Management options discussed below are for those patients with symptoms related to known or suspected MPE.

Serial thoracentesis

Thoracentesis requires travel to the designated procedural site and there is a small risk of complication with each procedure. Serial thoracentesis is often performed for management of malignant pleural effusion if patients require infrequent drainage of fluid or in patients with very limited expected survival and in whom more invasive procedures would require hospitalization, or in cases of prohibitive risk. Pleural effusions treated with serial aspiration have a high recurrence rate at one month so this approach is not recommended for patients expected to survive more than four weeks.[15]

Indwelling pleural catheter

Indwelling pleural catheter (IPC) can be placed using ultrasound guidance or using thoracoscopy or VATS techniques and is an option for patients requiring frequent drainage of pleural effusion with longer expected survival who have resources to manage the catheter at home including a relatively clean environment during drainage, reliable access to drainage supplies, and availability of assistance with drainage when placement of the catheter requires another person.  Patients with recurrent symptomatic MPE and no prior pleural intervention reported significant improvement in dyspnea after IPC placement.[16] Patients with nonexpendable lung also reported symptomatic benefit after IPC placement.[17] Patients undergoing IPC placement had decreased length of stay compared to patients undergoing pleurodesis and over 40% of patients with IPC experienced spontaneous pleurodesis after IPC placement allowing for catheter removal.[18-21]

Decreased need for peri-procedural hospitalization combined with a 30% failure rate of pleurodesis leads to a preference for IPC placement over pleurodesis in many centers. IPCs carry a risk of infection which may be limited to cellulitis at the catheter exit site (7.3%), infection of the tunnel, or may extend into the pleural space causing empyema (4.6%).[9]  Most infections can be treated without removal of the catheter and care must be taken during drainage to keep the catheter clean with careful inspection of the exit site and catheter tunnel each time the catheter is drained. Furthermore, dressings must be placed in a sterile manner and the occlusive dressing must remain intact.  IPC is also an option for patients with symptomatic malignant pleural effusion who have nonexpendable lung.

Protocols for IPC Drainage

There is no difference in patient-reported mean daily breathlessness when comparing daily drainage and symptom-guided drainage of IPC indicating similar dyspnea control with both drainage approaches. Daily drainage did lead to increased rates of spontaneous pleurodesis compared to symptom-guided drainage.[22]

Investigation of optimal drainage frequency to achieve spontaneous pleurodesis after IPC placement revealed a daily drainage protocol may lead to higher rates of spontaneous pleurodesis and fewer catheter days compared to every other day drainage.[23]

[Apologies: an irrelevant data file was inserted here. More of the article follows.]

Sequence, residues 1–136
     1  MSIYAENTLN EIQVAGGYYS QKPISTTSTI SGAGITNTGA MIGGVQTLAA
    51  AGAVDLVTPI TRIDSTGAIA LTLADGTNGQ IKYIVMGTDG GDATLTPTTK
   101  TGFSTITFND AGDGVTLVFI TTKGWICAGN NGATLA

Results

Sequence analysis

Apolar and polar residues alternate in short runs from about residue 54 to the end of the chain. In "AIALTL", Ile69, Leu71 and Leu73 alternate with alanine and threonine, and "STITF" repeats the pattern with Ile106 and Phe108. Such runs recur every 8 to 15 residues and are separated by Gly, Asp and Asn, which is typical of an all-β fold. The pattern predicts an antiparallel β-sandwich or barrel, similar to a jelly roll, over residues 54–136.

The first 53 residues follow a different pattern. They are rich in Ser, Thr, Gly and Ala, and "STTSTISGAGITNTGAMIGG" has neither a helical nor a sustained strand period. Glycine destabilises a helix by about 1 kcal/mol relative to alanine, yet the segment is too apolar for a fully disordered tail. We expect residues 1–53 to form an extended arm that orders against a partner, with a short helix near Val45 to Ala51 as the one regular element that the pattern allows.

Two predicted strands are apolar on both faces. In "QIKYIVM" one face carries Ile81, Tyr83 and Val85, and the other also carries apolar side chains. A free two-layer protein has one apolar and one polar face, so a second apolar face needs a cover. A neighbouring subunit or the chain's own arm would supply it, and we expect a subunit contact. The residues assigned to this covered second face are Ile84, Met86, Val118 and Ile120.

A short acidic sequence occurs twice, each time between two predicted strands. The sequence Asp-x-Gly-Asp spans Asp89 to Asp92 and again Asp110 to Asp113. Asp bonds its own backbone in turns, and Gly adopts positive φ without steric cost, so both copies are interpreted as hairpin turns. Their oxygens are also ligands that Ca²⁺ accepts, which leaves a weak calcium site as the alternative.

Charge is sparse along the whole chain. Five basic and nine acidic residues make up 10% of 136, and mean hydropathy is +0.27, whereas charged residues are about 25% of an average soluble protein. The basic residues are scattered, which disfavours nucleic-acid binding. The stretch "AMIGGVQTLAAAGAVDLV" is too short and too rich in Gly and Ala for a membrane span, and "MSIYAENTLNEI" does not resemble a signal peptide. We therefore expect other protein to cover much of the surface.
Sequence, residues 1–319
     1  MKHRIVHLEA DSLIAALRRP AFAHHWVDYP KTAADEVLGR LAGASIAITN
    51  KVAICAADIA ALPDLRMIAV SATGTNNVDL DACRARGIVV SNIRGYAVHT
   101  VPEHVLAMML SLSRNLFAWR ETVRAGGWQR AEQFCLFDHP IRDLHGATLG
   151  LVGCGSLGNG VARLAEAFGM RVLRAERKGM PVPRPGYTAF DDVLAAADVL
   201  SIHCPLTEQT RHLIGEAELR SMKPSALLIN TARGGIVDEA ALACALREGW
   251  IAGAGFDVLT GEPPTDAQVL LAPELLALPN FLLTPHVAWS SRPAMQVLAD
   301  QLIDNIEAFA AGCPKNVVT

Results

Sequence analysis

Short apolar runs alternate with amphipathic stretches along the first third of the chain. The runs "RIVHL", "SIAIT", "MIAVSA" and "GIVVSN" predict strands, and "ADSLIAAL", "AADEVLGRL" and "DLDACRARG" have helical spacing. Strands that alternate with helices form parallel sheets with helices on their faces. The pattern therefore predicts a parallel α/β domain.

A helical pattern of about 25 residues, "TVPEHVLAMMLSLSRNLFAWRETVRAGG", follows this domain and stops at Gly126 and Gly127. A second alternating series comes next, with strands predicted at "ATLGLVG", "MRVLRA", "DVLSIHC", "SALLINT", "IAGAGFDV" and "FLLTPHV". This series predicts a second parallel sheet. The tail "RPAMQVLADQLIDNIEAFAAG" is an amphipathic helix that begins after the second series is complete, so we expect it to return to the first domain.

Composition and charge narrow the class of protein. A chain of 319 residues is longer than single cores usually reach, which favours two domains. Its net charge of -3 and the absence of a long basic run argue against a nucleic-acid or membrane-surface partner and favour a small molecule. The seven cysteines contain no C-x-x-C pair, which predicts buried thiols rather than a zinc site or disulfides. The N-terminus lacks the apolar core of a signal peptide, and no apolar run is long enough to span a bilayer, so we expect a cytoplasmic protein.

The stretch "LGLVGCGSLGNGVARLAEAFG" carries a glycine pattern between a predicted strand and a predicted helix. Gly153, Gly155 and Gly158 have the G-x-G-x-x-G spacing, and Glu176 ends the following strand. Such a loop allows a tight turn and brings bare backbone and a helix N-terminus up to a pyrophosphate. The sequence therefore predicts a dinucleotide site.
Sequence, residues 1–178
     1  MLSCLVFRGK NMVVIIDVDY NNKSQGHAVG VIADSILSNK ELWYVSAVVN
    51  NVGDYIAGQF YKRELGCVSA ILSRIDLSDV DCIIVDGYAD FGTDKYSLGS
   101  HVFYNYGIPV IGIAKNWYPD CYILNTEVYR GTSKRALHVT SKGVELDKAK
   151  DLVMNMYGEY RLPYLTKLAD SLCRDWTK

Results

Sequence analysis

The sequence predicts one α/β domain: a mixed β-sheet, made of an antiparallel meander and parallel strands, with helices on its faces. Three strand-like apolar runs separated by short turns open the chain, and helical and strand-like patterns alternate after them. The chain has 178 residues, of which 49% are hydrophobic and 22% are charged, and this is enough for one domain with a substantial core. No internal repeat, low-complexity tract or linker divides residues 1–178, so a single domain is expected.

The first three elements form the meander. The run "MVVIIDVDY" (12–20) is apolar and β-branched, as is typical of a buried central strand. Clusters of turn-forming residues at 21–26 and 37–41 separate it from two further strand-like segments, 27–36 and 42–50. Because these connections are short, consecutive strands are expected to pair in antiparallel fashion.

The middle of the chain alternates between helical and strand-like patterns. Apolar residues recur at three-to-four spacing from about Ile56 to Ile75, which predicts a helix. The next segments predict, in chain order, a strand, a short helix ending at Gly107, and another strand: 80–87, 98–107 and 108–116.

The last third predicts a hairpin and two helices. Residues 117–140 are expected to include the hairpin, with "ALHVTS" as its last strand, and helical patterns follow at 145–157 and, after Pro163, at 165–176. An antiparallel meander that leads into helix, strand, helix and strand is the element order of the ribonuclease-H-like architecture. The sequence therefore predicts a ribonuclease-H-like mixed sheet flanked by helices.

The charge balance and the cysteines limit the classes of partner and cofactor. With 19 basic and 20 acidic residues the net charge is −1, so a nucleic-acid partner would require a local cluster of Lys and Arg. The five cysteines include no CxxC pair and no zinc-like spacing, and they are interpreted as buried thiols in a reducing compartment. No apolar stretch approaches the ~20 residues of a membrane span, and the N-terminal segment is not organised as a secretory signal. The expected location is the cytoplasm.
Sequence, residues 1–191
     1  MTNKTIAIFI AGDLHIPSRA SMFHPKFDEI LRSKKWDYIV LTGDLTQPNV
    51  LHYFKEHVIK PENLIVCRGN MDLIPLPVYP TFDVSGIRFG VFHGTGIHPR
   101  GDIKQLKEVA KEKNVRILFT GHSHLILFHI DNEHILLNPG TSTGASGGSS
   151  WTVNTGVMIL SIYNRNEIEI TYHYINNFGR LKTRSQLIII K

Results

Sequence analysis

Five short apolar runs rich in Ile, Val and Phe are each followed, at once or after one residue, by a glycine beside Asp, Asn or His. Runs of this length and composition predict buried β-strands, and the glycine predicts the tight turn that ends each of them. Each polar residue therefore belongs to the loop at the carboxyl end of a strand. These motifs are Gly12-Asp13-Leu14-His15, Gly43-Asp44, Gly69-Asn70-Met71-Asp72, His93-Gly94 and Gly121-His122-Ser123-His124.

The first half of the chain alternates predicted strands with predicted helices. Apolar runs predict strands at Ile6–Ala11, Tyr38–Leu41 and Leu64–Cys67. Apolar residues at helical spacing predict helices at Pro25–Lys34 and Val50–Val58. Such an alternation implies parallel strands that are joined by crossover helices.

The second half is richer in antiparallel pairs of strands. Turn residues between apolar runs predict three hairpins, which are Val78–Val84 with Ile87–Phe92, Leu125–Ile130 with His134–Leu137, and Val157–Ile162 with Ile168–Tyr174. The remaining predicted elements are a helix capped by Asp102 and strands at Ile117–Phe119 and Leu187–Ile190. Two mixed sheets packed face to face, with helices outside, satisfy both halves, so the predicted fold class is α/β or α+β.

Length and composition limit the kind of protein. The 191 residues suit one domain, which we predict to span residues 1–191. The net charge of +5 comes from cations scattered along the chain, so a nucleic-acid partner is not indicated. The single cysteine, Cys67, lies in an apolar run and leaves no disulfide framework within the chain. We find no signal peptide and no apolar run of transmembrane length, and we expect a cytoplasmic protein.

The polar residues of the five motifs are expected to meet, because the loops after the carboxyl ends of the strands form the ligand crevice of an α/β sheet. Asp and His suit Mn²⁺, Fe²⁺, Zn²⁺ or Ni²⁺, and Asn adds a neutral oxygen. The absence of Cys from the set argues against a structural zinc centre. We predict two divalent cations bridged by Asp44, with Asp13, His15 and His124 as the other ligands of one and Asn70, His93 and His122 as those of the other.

Individual choice of drainage protocol depends on patients’ goals, severity of symptoms, expected survival, and access to drainage supplies.

Pleurodesis

Pleurodesis, either mechanical or chemical, is a definitive management option for patients with symptomatic malignant pleural effusion with expandable lung. For pleurodesis to be successful, apposition of the visceral and parietal pleura must be achieved.[9,15]  Radiographic confirmation of lung re-expansion is key and may be achieved with radiographs, computed tomography, or ultrasound. Volume of pleural fluid drained is less important than confirmation of lung expansion for pleurodesis.[15]

Chemical pleurodesis can be performed by inserting a chest tube  to drain the pleural effusion causing apposition of the visceral and parietal pleura followed by instillation of a sclerosing agent into the tube to cause inflammation leading to adhesions and obliteration of the pleural space.  Pleurodesis may be performed with small bore or large bore tubes and patients may have less pain with smaller diameter drainage tubes.[11,24,25]

Chemical pleurodesis and associated inflammation leads to exquisite pleuritic pain and admission for pain control with nonsteroidal anti-inflammatory drugs (NSAIDs) and intravenous opioids is needed for this procedure. Use of NSAIDs does not appear to interfere with successful pleurodesis and may be included in pleurodesis periprocedural pain control protocols.[25] Intrapleural lidocaine can also be instilled just prior to sclerosant to provide local anesthetic, taking care not to exceed maximum dose based on body weight. Moderate sedation, when appropriate monitoring equipment and protocols are available, may help alleviate pain and anxiety however there are no studies evaluating pain control around sedation for pleurodesis procedures performed without thoracoscopy.[15]  

Sterile graded talc, either as a slurry or administered via poudrage/insufflation is the most effective sclerosing agent and is recommended in multiple evidence-based guideline publications.[1,8,9,11,15]  Graded talc is used to decrease risk of acute respiratory distress syndrome.[1] Talc may be administered as a poudrage or powder insufflated into the pleural space via thoracoscopy, or as slurry instilled into the pleural space through a chest tube. There is no difference in efficacy between talc poudrage and talc slurry.[28,29]

Bleomycin and antibiotics such as doxycycline are also effective sclerosing agents that are widely available with a similar side effect profile to talc and without significant myelosuppression.[11,15] Studies show less pleural effusion recurrence with talc compared to other agents, however these studies do have some bias and further study is needed.[1,11,30]